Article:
When I was in elementary school growing up in small town Wayland, Michigan, I decided to obtain my PhD so that I could study and figure out why yawns are contagious. While I did eventually get that PhD, I still don’t know why yawns are contagious! By the time I started my undergraduate degree at Grand Valley State University (GVSU) in Allendale, Michigan, I had decided that I wanted to work as a geneticist, possibly a genetics counselor. I took classes during the summer semester so that I could learn all that I could about the field. Having a passion for traveling and for the Spanish language, I decided to double major in Biomedical Science and Spanish. I studied abroad in Spain during my third year of undergraduate studies.
Upon returning to the United States, I reached out to a GVSU professor-Dr. Martin Burg-doing genetics work with fruit flies. We wrote a proposal together and I clinched a summer fund through the GVSU Student Summer Scholars Program for doing research in his laboratory. I continued working in the Burg lab until I graduated. Nevertheless, it was during a basic microbiology course that was a requirement for the Biomedical Science degree-which I had pushed back due to my year abroad-that I fell in love with microbiology and my career goals took a sharp turn. I decided to obtain the microbiology emphasis option on my degree, and graduated aiming to combine my love for genetics and newfound passion for microbiology while pursuing my doctorate degree at Baylor College of Medicine (BCM) in Houston, Texas.
It was at BCM where I first learned about the microbiome-the entirety of microbes (and their gene products) that live in and on the human body. I learned how to characterize microbial communities through marker gene sequencing, and began to see human diseases as a complex interplay between several factors-both genetic and environmental-rather than as a consequence of a single gene mutation or anomaly. I joined the laboratory of Dr. Joseph Petrosino, director of the Alkek Center for Metagenomics and Microbiome research, where I learned to use open source state of the art software tools to analyze microbial communities. I worked with a variety of sample types-from stool to oral to skin of cadavers-thus becoming a well-rounded microbiome researcher with experience across a large variety of sample types. I obtained my PhD on the human microbiome in less than four years and joined the lab of one of the elite microbiome researchers in the world, Dr. Rob Knight. It was in his lab where I began to really study the intricate ways the microbiome can affect our health, and what it means to be human. I became especially interested in how our western lifestyles have affected our microbial exposures, and in turn, our health.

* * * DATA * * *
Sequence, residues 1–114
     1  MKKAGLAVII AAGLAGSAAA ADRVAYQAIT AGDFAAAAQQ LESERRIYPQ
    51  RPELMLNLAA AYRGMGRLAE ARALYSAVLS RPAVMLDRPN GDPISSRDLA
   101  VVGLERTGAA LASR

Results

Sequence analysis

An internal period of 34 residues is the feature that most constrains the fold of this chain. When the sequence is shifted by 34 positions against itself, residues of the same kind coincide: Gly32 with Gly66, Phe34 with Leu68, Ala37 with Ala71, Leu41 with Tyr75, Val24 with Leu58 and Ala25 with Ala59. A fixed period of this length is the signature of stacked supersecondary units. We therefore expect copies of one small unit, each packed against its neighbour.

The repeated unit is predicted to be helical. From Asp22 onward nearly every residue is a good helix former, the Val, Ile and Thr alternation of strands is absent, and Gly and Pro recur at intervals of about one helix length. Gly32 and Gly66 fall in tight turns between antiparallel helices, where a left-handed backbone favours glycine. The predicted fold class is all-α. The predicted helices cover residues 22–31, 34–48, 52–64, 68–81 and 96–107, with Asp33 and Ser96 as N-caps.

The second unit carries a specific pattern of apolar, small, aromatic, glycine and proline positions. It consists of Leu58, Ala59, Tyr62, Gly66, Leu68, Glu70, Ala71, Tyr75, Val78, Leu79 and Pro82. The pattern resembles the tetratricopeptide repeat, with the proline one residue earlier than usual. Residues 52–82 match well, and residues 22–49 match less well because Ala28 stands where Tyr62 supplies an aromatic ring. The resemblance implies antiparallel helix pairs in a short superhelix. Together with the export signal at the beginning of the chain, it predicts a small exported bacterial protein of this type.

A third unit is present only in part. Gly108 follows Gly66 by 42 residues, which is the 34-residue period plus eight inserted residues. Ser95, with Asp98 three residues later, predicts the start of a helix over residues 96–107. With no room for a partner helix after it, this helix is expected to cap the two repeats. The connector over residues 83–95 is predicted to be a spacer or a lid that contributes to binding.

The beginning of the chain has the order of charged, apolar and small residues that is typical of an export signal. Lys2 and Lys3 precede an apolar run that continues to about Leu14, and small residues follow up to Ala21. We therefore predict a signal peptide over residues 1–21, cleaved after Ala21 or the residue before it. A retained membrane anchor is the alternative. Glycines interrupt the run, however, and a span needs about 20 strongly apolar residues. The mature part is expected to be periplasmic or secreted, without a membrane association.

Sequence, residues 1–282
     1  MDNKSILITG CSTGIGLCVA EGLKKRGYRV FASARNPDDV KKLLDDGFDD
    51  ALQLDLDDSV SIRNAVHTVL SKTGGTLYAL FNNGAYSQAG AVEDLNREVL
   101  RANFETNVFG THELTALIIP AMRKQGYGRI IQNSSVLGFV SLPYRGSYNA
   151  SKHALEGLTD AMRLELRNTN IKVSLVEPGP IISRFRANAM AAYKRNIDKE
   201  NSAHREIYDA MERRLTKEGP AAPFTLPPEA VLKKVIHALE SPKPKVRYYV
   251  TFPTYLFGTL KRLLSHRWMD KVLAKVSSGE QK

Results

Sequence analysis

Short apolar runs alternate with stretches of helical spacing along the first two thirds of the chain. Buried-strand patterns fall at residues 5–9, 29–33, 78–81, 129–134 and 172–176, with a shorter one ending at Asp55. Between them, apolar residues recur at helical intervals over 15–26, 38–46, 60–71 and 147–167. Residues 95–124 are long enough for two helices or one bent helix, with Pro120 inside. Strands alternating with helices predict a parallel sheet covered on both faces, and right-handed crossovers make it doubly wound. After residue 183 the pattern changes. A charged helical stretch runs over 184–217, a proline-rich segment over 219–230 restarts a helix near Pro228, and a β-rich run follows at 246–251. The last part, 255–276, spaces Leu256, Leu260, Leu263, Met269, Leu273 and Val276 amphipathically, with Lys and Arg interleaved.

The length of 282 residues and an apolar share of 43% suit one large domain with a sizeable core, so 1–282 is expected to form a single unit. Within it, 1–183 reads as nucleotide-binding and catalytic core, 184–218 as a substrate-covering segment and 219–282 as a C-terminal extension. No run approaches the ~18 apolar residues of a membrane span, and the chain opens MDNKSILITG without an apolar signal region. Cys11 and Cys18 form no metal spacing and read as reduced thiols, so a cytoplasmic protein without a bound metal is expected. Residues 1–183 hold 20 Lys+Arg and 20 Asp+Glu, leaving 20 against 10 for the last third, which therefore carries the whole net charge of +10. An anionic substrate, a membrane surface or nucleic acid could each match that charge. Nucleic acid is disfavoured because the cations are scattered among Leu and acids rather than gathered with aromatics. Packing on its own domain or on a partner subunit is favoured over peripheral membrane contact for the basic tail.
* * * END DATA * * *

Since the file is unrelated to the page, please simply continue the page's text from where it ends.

After nearly a year and a half as a postdoctoral researcher in Rob Knight’s lab, I took my career to the next level by accepting the role of Project Manager for the American Gut Project, the largest crowd sourced citizen science project in existence, run out of the Knight lab. As Project Manager of Amerian Gut, I was able to further microbiome research while also bringing science to the broader community, facilitating a general appreciation for science. Evidence of the fact that microbiome research-and how it may affect health and medicine-is growing in reach is my recent selection as one of Forbes magazine's 30 Under 30 in Science, an honor that should bring recognition to and appreciation for American Gut-not to me. As the general awareness and appreciation of microbiome research grows, however, scientists are increasingly in a difficult position to accurately share their work-especially as they fight against click-bait headline coverage of microbiome research. The extreme gap in responsible education on the microbiome (and science in general) led me full circle back to an early passion of mine-writing. I have decided to use my writing skills-as well as public speaking and general outreach-to become a science writer. It is my ultimate goal to empower people to improve their lives in responsible, educated ways.
While I do love science, I do enjoy life outside of the laboratory. First and foremose, I am an athlete. A sprinter and hurdler in high school, I transitioned to distance running later in life, and now I really enjoy CrossFit. I also love to write, read, ride horses, and I LOVE to travel and to learn about new cultures! Finally, I really enjoy studying the Hebrew roots of Christianity as we know it today, and I have a passion for Torah as written in Scripture-pure and unadulterated by the traditions of man-as a way of life and not a religion.
Thank you for taking the time to read my story and to visit my site. Please read more about my research and my work, and I’d love to hear from you!